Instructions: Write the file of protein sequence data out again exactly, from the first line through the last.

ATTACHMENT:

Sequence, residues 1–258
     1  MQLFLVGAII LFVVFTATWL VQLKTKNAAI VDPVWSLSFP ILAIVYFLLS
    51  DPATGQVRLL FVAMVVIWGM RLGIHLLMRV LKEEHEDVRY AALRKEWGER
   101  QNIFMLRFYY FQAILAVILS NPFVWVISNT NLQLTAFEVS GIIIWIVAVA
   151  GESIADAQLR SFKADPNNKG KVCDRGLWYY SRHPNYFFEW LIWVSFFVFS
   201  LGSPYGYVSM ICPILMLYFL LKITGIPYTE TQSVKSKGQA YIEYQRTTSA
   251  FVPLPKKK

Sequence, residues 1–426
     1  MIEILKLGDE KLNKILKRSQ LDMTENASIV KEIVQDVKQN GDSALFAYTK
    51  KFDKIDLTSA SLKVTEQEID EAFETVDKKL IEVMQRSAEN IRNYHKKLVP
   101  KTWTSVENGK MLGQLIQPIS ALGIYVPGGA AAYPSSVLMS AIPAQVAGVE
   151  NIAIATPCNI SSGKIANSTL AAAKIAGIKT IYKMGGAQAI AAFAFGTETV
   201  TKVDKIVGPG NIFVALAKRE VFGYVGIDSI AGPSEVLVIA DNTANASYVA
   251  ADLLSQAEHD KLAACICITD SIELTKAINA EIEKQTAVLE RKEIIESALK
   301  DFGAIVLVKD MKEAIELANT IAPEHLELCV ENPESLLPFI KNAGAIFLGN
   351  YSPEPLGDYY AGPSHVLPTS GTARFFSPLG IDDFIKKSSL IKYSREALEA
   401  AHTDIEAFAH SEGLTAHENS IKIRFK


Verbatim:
Sequence, residues 1–258
     1  MQLFLVGAII LFVVFTATWL VQLKTKNAAI VDPVWSLSFP ILAIVYFLLS
    51  DPATGQVRLL FVAMVVIWGM RLGIHLLMRV LKEEHEDVRY AALRKEWGER
   101  QNIFMLRFYY FQAILAVILS NPFVWVISNT NLQLTAFEVS GIIIWIVAVA
   151  GESIADAQLR SFKADPNNKG KVCDRGLWYY SRHPNYFFEW LIWVSFFVFS
   201  LGSPYGYVSM ICPILMLYFL LKITGIPYTE TQSVKSKGQA YIEYQRTTSA
   251  FVPLPKKK

Sequence, residues 1–426
     1  MIEILKLGDE KLNKILKRSQ LDMTENASIV KEIVQDVKQN GDSALFAYTK
    51  KFDKIDLTSA SLKVTEQEID EAFETVDKKL IEVMQRSAEN IRNYHKKLVP
   101  KTWTSVENGK MLGQLIQPIS ALGIYVPGGA AAYPSSVLMS AIPAQVAGVE
   151  NIAIATPCNI SSGKIANSTL AAAKIAGIKT IYKMGGAQAI AAFAFGTETV
   201  TKVDKIVGPG NIFVALAKRE VFGYVGIDSI AGPSEVLVIA DNTANASYVA
   251  ADLLSQAEHD KLAACICITD SIELTKAINA EIEKQTAVLE RKEIIESALK
   301  DFGAIVLVKD MKEAIELANT IAPEHLELCV ENPESLLPFI KNAGAIFLGN
   351  YSPEPLGDYY AGPSHVLPTS GTARFFSPLG IDDFIKKSSL IKYSREALEA
   401  AHTDIEAFAH SEGLTAHENS IKIRFK